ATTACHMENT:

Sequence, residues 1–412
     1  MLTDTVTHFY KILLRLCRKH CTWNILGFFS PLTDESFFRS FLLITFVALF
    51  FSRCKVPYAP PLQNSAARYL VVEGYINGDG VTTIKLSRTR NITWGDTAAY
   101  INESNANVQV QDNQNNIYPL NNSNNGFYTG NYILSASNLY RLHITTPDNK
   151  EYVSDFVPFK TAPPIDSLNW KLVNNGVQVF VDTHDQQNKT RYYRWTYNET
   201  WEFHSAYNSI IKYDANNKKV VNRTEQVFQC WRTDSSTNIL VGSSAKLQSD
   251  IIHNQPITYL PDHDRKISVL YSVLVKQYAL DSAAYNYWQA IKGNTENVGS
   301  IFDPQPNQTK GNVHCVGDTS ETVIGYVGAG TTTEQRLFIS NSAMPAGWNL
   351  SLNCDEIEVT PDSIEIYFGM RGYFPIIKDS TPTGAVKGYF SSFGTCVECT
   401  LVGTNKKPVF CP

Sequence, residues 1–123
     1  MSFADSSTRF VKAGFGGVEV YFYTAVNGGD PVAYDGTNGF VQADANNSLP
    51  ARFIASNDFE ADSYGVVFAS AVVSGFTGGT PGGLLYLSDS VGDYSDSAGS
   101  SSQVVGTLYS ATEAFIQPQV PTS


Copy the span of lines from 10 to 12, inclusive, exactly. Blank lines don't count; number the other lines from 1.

   401  LVGTNKKPVF CP

Sequence, residues 1–123
     1  MSFADSSTRF VKAGFGGVEV YFYTAVNGGD PVAYDGTNGF VQADANNSLP